He was one tall drink of water and I could not keep my eyes off him as he sauntered into the stable. My husband and I both were like a couple of cartoon characters. You could practically see heart bubbles popping over our heads and within a couple weeks, he was ours!
A tall black & white paint with a striped coon tail. First to Fly, was his name but we called him Jet…well, my husband called him Jet, I called him Big Sexy. As I’ve stated in my ” Mud Boots” posts, I know nothing about horses and have never been on one but I am as my family calls me, Cinderella. I both love and attract all kinds of animals and I loved this guy. We really didn’t know anything about him except his new owner needed rent and sold him to us cheap.
A few days later, Clay saddled him in the paddock and set me on his back. We’d both seen small children on him so Clay was confident that I’d be fine. Weirdly, I had the worst feeling about it. It was the sickening feeling of foreboding. I couldn’t explain it and felt silly so I kept my mouth shut and choked back my anxiety. (More than anything, I didn’t want Clay to think I was a sissy!)
Sure enough, Jett started toward the loafing shed. I gently pulled back on the reins but, nothing! He just kept going! He was so tall that the tin roof caught me across the ribs, scraping me right off his backside and I hit the ground flat on my back! Sweet mercy, that hurt but I darn sure wasn’t going to show it so I just laughed it off. (Found out much later that I fractured the S1)
Clay took this just shortly before…
The next day, Clay put me on him again, first in a round pen then this little arena area. All went well except that nagging feeling just wouldn’t go away. The only way I can describe it was a fight or flight sensation and everything in me screaming to…STOP! DON’T! RUN! But, there was no way on earth I’d tell Clay what I was feeling. I didn’t want to sound foolish…I should have trusted him to understand. They say pride goeth before the fall but I had no idea how literal that would become.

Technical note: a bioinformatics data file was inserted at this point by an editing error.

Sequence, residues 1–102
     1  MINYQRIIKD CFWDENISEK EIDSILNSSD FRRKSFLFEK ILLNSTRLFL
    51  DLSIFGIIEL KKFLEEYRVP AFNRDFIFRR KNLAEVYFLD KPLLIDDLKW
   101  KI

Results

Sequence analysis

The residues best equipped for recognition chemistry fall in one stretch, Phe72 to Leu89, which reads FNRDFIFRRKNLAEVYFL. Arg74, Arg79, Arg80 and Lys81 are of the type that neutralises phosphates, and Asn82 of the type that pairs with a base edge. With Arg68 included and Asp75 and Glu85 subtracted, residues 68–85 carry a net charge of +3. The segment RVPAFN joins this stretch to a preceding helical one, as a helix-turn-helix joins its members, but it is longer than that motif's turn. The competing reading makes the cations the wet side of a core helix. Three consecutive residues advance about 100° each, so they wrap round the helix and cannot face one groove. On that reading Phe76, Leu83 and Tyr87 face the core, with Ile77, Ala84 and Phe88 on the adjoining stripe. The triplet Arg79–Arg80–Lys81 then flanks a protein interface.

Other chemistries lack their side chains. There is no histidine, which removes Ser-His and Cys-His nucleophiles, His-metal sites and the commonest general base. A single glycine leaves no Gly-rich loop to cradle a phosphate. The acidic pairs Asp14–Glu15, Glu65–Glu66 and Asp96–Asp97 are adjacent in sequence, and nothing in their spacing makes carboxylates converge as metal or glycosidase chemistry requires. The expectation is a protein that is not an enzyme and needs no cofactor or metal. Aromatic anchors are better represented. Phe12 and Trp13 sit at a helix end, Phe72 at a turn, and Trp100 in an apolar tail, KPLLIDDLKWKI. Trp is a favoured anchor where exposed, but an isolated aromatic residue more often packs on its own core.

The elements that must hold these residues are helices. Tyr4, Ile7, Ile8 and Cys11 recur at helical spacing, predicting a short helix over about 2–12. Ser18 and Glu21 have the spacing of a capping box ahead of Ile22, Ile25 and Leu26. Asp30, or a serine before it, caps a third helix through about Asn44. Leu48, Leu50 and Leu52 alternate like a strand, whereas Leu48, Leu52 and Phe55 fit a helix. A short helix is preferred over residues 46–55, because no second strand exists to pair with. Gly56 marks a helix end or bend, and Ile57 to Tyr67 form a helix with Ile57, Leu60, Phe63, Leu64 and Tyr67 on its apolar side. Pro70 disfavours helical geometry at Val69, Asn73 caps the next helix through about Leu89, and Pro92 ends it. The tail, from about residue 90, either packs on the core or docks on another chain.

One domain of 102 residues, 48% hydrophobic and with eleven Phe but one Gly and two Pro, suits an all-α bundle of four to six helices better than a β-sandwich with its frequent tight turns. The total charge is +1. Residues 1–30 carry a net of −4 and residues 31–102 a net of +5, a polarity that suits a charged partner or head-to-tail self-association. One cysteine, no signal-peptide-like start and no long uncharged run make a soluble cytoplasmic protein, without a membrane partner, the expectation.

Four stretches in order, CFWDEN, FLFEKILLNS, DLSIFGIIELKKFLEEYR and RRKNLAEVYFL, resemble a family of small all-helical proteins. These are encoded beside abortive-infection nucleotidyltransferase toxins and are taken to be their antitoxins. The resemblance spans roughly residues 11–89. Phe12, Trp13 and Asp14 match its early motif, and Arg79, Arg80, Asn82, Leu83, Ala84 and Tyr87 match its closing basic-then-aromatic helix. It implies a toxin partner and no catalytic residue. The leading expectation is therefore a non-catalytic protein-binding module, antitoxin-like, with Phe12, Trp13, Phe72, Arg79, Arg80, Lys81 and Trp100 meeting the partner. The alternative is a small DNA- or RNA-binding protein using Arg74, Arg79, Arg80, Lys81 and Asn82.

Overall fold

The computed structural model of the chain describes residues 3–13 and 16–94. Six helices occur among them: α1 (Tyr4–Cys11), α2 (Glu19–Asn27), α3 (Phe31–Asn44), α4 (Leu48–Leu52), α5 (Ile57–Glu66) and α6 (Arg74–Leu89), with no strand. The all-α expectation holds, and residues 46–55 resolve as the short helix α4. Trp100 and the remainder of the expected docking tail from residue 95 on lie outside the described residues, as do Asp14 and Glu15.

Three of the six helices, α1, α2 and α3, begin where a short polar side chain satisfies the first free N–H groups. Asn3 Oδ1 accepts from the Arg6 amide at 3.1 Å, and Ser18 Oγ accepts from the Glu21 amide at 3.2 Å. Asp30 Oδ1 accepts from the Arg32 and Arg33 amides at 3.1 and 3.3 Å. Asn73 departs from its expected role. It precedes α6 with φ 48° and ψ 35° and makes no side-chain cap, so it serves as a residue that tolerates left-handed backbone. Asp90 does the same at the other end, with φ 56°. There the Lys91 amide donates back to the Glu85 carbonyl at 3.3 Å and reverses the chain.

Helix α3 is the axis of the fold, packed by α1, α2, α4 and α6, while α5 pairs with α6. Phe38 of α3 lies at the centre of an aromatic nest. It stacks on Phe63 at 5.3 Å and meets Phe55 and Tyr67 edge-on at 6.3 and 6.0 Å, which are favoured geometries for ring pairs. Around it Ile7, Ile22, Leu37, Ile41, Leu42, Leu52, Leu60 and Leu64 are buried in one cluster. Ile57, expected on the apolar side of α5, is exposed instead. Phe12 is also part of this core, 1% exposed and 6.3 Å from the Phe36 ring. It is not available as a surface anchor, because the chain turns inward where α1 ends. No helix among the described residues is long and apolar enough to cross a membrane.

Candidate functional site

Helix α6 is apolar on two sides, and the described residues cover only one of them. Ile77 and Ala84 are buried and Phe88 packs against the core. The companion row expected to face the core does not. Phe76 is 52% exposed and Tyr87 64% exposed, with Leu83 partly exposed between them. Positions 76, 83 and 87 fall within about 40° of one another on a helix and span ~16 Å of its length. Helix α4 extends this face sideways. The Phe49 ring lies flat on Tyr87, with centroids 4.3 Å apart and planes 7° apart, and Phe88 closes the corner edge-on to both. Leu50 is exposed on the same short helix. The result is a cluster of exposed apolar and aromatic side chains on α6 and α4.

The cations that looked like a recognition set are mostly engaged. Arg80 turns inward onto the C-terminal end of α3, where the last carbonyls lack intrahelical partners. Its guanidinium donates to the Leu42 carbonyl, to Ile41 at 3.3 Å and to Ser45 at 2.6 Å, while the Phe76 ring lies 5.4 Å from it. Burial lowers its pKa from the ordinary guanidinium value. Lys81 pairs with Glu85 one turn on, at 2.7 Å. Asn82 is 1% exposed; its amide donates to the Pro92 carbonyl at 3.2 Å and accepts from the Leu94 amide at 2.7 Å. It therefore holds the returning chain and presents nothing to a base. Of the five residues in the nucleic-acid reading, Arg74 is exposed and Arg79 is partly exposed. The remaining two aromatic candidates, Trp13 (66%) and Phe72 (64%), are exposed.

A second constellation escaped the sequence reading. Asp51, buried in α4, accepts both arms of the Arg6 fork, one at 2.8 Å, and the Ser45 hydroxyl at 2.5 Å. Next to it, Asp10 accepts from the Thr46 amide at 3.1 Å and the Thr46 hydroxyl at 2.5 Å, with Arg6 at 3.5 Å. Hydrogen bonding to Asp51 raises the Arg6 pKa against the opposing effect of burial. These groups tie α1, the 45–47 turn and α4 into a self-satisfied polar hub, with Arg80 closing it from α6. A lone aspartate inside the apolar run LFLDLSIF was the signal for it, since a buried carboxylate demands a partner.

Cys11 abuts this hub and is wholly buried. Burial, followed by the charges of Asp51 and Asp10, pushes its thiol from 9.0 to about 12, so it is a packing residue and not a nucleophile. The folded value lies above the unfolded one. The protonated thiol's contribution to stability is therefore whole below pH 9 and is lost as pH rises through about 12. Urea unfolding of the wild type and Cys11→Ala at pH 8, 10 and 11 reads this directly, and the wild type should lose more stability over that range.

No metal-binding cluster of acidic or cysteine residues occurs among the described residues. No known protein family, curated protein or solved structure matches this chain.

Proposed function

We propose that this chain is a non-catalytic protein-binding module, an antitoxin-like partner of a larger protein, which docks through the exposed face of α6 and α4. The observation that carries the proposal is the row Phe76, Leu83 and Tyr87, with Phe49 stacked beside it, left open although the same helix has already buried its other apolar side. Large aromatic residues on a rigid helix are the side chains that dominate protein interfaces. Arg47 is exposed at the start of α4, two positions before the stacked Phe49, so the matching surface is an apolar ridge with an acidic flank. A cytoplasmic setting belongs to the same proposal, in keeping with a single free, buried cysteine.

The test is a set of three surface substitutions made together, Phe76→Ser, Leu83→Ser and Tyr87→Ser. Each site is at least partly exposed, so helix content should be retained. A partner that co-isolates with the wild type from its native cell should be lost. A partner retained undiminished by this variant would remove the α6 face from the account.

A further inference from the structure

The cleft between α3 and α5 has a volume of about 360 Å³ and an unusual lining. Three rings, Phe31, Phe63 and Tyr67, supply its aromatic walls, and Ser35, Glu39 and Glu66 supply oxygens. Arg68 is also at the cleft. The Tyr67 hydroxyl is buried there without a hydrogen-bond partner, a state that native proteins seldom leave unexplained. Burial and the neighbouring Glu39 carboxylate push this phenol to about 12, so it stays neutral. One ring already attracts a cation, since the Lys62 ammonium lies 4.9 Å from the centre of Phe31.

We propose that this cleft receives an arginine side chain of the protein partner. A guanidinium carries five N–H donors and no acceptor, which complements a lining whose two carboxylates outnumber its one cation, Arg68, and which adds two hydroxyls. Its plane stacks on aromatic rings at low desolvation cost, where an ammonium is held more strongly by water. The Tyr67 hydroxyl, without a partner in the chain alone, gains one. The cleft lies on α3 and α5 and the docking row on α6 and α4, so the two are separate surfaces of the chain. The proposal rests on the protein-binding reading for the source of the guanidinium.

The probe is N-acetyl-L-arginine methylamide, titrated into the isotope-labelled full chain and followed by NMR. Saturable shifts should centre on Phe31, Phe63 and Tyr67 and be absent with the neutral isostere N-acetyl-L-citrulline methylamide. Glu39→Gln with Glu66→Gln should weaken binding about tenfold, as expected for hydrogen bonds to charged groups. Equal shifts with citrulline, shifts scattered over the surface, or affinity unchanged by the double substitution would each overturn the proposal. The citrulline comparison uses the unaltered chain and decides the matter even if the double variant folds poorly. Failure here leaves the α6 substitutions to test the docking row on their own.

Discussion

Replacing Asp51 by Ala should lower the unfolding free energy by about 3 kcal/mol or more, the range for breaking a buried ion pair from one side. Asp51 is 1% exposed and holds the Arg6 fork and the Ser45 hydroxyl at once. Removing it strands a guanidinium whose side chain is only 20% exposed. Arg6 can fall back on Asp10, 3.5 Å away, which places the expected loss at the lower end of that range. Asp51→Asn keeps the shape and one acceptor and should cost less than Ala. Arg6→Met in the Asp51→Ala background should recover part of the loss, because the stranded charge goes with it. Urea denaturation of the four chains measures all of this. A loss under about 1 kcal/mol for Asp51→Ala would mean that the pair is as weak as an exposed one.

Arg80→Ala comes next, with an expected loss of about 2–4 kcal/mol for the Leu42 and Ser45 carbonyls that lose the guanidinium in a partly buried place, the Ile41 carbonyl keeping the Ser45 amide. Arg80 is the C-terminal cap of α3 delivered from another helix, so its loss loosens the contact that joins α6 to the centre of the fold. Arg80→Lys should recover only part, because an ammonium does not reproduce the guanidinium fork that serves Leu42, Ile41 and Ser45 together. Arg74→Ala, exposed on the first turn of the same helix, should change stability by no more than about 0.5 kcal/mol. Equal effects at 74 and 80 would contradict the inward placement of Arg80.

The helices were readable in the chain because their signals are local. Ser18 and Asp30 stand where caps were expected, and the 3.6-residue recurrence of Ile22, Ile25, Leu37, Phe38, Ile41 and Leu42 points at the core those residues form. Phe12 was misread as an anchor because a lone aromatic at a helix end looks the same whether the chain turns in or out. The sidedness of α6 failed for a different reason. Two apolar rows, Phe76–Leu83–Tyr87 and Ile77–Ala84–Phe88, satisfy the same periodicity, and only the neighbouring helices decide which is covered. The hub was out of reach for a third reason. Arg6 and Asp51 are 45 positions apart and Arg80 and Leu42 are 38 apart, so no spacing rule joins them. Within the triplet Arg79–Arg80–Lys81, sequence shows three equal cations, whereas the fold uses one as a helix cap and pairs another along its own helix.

With me assuring him that we were fine, and we were, Clay left to let our mares out in another 80 acre pasture to graze. Jet and I wandered around the stable, strolling down the lane between the pipe and cable paddocks. The next thing Clay knew … the horse came back alone!
Literally the very next picture on his phone! I made him take it. Even like this, I could see the humor in it! Lol
One moment we were walking along then suddenly, Jets hoof dropped into a deep hole in the ground! He started scampering backward, head back and eye’s wide! He was spooked! I tried to pull back hard on the reins to stop his flight but he jolted forward flying into a sprint. I pulled so hard his head was back almost to my chest, his eye’s wide with terror and barreling down the lane towards the end. He’d have to cut left or right at the crossroad so I braced myself. Like an out of body experience, I hear the words called out from my lips, “OH FATHER!”
I regained consciousness on my final bounce…in an overgrown, empty paddock at the end of the lane. I knew immediately my back was hurt badly. The pain was exquisite, so exquisite that I didn’t feel that both of my arms were broken too.
We had been in a long draught, the sun beating down and 110°F. I knew I needed help but Clay had no idea where I was, couldn’t see my form beneath the tall grass, my location or even that I was in trouble so I made a decision.